ST 2605 (Hints)

Sunday Telegraph Cryptic No 2605 (Hints)

Hints and tips by Big Dave

+ – + – + – + – + – + – + – +

As is usual for the weekend prize crosswords, I will select a few of the more difficult clues and provide hints for them.

Don’t forget that you can give your assessment of the puzzle. Five stars if you thought it was great, one if you hated it, four, three or two if it was somewhere in between.

Could new readers please read the Welcome post before asking questions about the site.

Most of the terms used in these hints are explained in the Glossary and examples are available by clicking on the entry under “See also”.

A full review of this puzzle will be published after the closing date for submissions.


1a Accompany Conservative inside to use female charms (7)
Take a verb meaning to accompany (2,4) and insert C(onservative) to get a word meaning to use female charms to cast a spell

5a In university, splitting part of our capital (7)
The definition here is in or fashionable – put U(niversity) inside (splitting)  an area of the East End of London in the London Borough of Tower Hamlets (part of our capital)

19a Agreeing to join old man on board (5)
This clunky word meaning agreeing is a charade of O(ld) and a man on the chess board

27a Struck by glove, needing second, for a start (7)
A word meaning struck by or enamoured is derived from a child’s glove preceded by () S(econd) – the answer to this clue is needed in order to solve 3 down!

28a Fellow concealing eccentric plan for use of firearms (7)
Start with a fellow and then insert (concealing) an anagram (eccentric) of PLAN to get the use of firearms


1d Good suit squeezing opponents at bridge (7)
To get a good or advantage put a word meaning to be suitable for around (squeezing) two opponents at bridge (North or South with East or West)

3d Light burden for one who’s 27 (5)
This light is carried, metaphorically, by someone who is 27 across

7d Finishes off last call at famous European house (2,5)
Remove the final letters (finishes) from three of the words in the clue, rearrange them as (2,5) and the result is a famous Italian Opera House

16d Ring daughter amidst shouting, making offpeak call (9)
… the peaks from which these calls are traditionally made are in Switzerland – put a ring-shaped letter and D(aughter) inside (amidst) shouting

21d Site for hangings largely demolished (7)
This site for hanging pictures is an anagram (demolished) of LARGELY

24d One’s opposite number on watch (5)
Easy when you know how! – which number is opposite one on a wristwatch

If you need further help then please ask and I will see what I can do.

As this is a Prize crossword, please don’t put whole or partial answers or alternative clues in your comment, else they may be censored!

Today it’s Happy Birthday to Harry Connick, Jr. (44)



  1. mary
    Posted September 11, 2011 at 10:57 am | Permalink

    Good morning Dave have been doing the crossword and watching the rugby, Wales doing OK so far! I thought this was quite hard today and I had to work at most of the clues, but I really enjoyed it, with some really clever clues, however I would not call 25a an author popular with children???? loads of clues I liked 8d, 15a, 16d, to name but a few, I got 5a, but didn’t really know why until I read your explaination, needless to say once again I have not heard of this area of London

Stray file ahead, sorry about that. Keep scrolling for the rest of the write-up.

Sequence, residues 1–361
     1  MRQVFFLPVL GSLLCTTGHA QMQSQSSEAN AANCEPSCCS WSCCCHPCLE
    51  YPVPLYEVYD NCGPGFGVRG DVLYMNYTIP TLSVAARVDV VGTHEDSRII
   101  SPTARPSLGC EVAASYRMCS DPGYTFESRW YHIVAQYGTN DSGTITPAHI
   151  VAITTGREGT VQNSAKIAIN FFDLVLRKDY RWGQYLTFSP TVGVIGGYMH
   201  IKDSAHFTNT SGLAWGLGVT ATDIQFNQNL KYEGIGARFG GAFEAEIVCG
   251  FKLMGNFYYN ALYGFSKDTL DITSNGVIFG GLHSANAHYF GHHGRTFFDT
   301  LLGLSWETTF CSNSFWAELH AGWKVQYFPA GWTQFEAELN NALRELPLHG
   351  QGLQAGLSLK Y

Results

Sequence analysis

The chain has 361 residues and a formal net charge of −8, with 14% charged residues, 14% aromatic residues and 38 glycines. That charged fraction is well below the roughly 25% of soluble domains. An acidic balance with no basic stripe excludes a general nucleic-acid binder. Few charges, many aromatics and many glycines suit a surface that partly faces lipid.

2. Jezza
    Posted September 11, 2011 at 11:23 am | Permalink

    Thanks to Virgilius for the normal top quality Sunday puzzle, and to BD for the hints.
    Favourite clue 16d, last one in, 10a. I always manage to spell 25a incorrectly, despite seeing it somewhere else this week!

  3. Posted September 11, 2011 at 11:55 am | Permalink

    Excellent puzzle as we have come to expect from Virgilius. Favourites were 6d, 16d and 27a – the latter in particular for the diversion in the surface reading of a duella. I think I have seen ‘offpeak call’ before but nevertheless it made me laugh.
    Many thanks to Virgilius and to BD for the hints.

  4. crypticsue
    Posted September 11, 2011 at 12:08 pm | Permalink

    As everyone else has said before me, excellent Sunday puzzle as usual from Virgilius. THe only one that held me up was 10a and now I can’t really see why it did. Lucky we all that that spelling lesson for 25a yesterday, wasn’t it? Thanks to BD and to Virgilius – I have searched high and low and can’t see a NINA or a theme in this one, but am ready to be proved wrong :)

    • mary
      Posted September 11, 2011 at 12:14 pm | Permalink

      The only thing I noticed Sue was that there are lots of ‘v’s and ‘y’s

  5. Kate
    Posted September 11, 2011 at 12:32 pm | Permalink

    I enjoyes this a lot even if I did leed a nudge from BD for 5a. Favourite clues were 15a and 18d. Lovely start to a quiet Sunday. thanks BD and enjoy the rest of the weekend eveyone – don’t get blown away!

  6. Nubian
    Posted September 11, 2011 at 12:32 pm | Permalink

    Great puzzle today. Thanks to B Dave and to Virgilius but not The Telegrapg Puzzle on line site. I know it is normally taboo to mention time taken to do a crossword and so I will surfice by saying that I have waited more than twenty minutes for the site to accept the completed puzzle.